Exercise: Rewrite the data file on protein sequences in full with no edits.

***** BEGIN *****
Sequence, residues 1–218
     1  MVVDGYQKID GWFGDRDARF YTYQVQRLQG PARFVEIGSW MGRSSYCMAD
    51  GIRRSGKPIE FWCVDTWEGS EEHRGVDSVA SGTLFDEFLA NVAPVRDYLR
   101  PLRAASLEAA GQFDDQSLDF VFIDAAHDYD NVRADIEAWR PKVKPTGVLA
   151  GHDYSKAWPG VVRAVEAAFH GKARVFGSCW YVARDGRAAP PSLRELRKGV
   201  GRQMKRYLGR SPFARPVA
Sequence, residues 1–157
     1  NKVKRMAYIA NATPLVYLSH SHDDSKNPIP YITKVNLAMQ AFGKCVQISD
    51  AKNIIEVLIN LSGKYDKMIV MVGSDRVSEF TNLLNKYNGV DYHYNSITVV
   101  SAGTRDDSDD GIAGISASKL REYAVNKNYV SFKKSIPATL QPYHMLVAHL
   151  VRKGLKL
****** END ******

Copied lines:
Sequence, residues 1–218
     1  MVVDGYQKID GWFGDRDARF YTYQVQRLQG PARFVEIGSW MGRSSYCMAD
    51  GIRRSGKPIE FWCVDTWEGS EEHRGVDSVA SGTLFDEFLA NVAPVRDYLR
   101  PLRAASLEAA GQFDDQSLDF VFIDAAHDYD NVRADIEAWR PKVKPTGVLA
   151  GHDYSKAWPG VVRAVEAAFH GKARVFGSCW YVARDGRAAP PSLRELRKGV
   201  GRQMKRYLGR SPFARPVA
Sequence, residues 1–157
     1  NKVKRMAYIA NATPLVYLSH SHDDSKNPIP YITKVNLAMQ AFGKCVQISD
    51  AKNIIEVLIN LSGKYDKMIV MVGSDRVSEF TNLLNKYNGV DYHYNSITVV
   101  SAGTRDDSDD GIAGISASKL REYAVNKNYV SFKKSIPATL QPYHMLVAHL
   151  VRKGLKL